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Monday 26 July 1920 – “Grain and Chaff from an English Manor” by Arthur H Savory

Category Badsey and Aldington
Western Morning News
Transcription of article

NEW OR RECENT BOOKS – GRAIN AND CHAFF FROM AN ENGLISH MANOR by Arthur H Savory (Oxford, Basil Blackwell, 21s net)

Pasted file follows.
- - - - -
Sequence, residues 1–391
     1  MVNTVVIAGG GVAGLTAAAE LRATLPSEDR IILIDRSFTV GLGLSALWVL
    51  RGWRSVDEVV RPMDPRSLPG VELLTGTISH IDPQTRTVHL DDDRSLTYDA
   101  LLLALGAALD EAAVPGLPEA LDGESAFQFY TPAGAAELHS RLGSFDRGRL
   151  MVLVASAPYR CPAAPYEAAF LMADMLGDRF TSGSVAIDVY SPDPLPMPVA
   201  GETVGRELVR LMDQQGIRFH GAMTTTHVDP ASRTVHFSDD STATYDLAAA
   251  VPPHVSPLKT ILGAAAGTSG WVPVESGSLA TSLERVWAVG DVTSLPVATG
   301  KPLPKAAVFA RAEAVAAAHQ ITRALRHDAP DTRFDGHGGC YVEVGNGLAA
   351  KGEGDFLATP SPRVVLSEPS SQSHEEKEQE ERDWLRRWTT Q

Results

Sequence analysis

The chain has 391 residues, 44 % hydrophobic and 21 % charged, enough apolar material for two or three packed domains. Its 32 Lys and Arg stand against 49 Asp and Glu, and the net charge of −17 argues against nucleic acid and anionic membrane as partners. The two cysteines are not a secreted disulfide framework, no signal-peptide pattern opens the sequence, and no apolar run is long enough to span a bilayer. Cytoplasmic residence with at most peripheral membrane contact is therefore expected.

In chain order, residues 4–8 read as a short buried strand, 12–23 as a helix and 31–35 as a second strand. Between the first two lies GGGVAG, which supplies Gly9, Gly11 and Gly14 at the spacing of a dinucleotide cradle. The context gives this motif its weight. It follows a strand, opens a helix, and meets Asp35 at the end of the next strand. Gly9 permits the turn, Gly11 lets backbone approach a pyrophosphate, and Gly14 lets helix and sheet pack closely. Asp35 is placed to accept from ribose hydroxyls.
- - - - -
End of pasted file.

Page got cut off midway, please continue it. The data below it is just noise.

What Gilbert White did for Selborne nearly a century and a half ago, Mr Savory has now accomplished for Aldington near Evesham in Worcestershire.  Both villages are small and obscure, but they contain features of great interest and are typical of the life of hundreds of similar communities.  Mr Savory’s book is much larger than that of Selborne’s historian, and covers a much larger field.  It runs into over 300 pages, and Mr Savory had the advantage of the increased facilities afforded within the last quarter of a century for the exploration of formerly inaccessible parts of the country and of gathering facts concerning their history and characteristics, through the publication of documents discovered in the country’s stately homes elsewhere.  With keen and sympathetic observation and unwearying research, the author has made the most of his advantages, and the result is a volume informing and interesting in a high degree.  Mr Savory was particularly fortunate in his subject for Aldington, although only a hamlet ecclesiastically attached to the much larger village of Badsey, had Celtic, Roman and Anglo-Saxon associations, and figured before the Norman conquest in connection with the monastery and abbey of Evesham; and while its ancient life and customs are adequately described, the modern developments of the district receive full attention.  As showing the ground covered, it may be mentioned that the farm and its bailiff, hop gardens, ad their insect pests, plums and cherries, apple orchards, cider and perry, asparagus growing, farmers of the old style and new, cattle dealers and their tricks, church restoration, village school work, Roman finds and weather phenomena, birds, butterflies, moths and wasps, dialect and local phraseology in Shakespeare, and old furniture and china, are among the subjects dealt with and enlivened by many a shrewd observation and good story.  It is a pity that more hamlets of Merrie England have not had such an understanding historian and diligent recorder as Mr Savory.